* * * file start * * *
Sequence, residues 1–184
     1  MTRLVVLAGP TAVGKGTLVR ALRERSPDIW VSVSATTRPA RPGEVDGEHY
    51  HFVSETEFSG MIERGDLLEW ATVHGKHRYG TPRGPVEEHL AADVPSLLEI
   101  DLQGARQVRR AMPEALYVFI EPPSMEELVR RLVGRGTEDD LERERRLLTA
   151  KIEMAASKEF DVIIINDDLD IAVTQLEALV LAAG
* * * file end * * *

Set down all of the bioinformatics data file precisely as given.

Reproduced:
Sequence, residues 1–184
     1  MTRLVVLAGP TAVGKGTLVR ALRERSPDIW VSVSATTRPA RPGEVDGEHY
    51  HFVSETEFSG MIERGDLLEW ATVHGKHRYG TPRGPVEEHL AADVPSLLEI
   101  DLQGARQVRR AMPEALYVFI EPPSMEELVR RLVGRGTEDD LERERRLLTA
   151  KIEMAASKEF DVIIINDDLD IAVTQLEALV LAAG